Related Topics:  Cybersecurity  Halderman, J. Alex  Lab-Software Systems  

University of Michigan to launch new website to help people navigate social media

EECS alumnus Garlin Gilchrist, executive director of the UM Center for Social Media Responsibility, says "it's time to reclaim your space." This is the message behind the center's new Social Integrity website, which is intended to help people to better navigate social media platforms. The site launched June 30. [Full Story]

Related Topics:  Alumni  

Michigan's first Science Olympiad invitational for students, by students

This year, the University of Michigan offered the state's first Science Olympiad invitational competition run by Olympiad alumni. Conceived of and organized in part by CS freshman Omar Al-Ejel, the inaugural U-M Science Olympiad gave 45 high school student teams a place to hone their craft and prep for the core competition. [Full Story]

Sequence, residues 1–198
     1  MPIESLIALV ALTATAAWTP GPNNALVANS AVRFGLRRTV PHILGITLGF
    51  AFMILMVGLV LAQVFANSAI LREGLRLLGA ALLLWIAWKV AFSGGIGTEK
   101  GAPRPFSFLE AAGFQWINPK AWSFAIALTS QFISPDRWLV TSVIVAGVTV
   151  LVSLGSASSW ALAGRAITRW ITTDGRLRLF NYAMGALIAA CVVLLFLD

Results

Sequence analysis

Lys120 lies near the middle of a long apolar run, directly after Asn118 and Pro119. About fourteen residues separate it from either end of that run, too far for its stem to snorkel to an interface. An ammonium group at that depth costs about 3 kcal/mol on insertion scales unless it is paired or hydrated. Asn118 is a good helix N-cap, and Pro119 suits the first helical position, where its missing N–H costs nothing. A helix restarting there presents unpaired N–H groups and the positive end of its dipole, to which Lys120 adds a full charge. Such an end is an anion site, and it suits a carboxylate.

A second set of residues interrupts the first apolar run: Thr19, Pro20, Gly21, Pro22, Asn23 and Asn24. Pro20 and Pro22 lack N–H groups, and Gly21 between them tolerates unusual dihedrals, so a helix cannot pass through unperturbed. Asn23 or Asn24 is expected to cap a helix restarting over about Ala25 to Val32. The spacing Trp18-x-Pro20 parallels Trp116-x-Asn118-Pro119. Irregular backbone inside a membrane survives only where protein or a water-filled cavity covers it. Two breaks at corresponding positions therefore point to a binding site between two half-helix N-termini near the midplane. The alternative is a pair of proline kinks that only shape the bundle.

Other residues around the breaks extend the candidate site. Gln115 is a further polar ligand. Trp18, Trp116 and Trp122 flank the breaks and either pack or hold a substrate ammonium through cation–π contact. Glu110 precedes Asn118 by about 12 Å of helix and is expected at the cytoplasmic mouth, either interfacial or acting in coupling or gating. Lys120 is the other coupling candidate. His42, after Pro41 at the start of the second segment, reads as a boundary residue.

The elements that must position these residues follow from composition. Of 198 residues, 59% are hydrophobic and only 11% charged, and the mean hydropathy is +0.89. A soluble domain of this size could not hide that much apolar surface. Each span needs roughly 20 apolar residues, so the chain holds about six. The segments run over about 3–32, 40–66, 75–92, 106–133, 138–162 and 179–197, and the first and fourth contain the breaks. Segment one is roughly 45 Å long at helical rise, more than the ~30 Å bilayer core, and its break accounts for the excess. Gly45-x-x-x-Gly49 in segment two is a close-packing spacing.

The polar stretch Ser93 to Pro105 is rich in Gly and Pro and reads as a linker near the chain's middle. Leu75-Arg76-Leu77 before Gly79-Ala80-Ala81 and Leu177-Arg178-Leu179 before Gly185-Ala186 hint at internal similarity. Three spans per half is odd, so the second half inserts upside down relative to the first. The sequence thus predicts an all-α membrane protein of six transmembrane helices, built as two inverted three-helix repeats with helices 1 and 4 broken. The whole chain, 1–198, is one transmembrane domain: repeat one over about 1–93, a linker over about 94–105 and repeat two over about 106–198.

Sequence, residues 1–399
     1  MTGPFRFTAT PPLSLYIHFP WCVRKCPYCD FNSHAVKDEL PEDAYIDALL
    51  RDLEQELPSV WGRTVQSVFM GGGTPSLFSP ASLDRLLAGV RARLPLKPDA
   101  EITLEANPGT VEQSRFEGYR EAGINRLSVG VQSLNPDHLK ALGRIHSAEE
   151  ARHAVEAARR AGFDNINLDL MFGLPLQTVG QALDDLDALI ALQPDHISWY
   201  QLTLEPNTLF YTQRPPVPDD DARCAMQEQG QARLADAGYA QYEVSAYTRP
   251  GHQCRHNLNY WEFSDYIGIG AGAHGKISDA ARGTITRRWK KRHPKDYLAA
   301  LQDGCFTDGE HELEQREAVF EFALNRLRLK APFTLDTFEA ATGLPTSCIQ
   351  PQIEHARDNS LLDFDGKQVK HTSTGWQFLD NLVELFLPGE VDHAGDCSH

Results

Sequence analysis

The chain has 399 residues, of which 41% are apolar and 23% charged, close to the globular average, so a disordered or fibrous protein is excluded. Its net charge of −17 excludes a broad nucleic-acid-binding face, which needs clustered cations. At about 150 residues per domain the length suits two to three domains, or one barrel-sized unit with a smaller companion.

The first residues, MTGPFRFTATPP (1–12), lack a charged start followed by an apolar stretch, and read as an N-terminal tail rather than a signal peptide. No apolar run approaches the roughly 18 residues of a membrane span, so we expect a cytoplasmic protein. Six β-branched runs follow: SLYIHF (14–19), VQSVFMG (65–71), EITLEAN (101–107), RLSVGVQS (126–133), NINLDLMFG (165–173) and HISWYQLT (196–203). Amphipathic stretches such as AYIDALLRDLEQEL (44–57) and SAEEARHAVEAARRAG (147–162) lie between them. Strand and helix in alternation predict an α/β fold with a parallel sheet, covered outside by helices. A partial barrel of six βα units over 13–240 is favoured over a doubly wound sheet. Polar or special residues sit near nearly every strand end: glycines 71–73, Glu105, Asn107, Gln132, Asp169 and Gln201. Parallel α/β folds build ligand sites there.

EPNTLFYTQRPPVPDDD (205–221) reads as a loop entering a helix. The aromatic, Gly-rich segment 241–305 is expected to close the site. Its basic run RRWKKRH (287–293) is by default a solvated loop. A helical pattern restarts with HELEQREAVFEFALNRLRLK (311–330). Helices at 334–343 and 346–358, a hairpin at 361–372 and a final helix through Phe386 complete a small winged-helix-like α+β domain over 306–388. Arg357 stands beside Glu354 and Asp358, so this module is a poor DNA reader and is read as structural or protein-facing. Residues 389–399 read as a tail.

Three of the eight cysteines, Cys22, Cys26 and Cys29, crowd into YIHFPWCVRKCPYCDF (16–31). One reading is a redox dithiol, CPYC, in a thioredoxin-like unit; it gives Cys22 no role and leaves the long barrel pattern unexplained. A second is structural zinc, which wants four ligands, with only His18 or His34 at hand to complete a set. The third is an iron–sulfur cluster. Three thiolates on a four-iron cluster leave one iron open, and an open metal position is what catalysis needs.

Related Topics:  Student Teams and Organizations  Undergraduate Students  

Rick Bergman sees that Synaptics stays in touch

ECE alumnus Rick Bergman, CEO of Synaptics, talked to The Mercury News about Synaptics and its evolution into other areas beyond physical touchpads. "At the end of the day, what we like to do is make devices easier to use," said Bergman. Synaptics products are used by Apple, HP, Lenovo, and Samsung, among others. [Full Story]

Related Topics:  Alumni  

Tool for structuring data creates efficiency for data scientists

Transforming messy data into a usable state turns out to be labor-intensive and tedious. Traditionally, domain experts handwrite task-specific scripts to transform unstructured data. Enter Foofah, a project developed by CSE graduate students Zhongjun Jin and Michael Anderson, Prof. Michael Cafarella, and Bernard A. Galler Collegiate Professor of Electrical Engineering and Computer Science H.V. Jagadish that can help to minimize the effort and required background knowledge needed to clean up data. [Full Story]

Related Topics:  Big Data  Cafarella, Michael  Data and Computing  Graduate Students  Jagadish, HV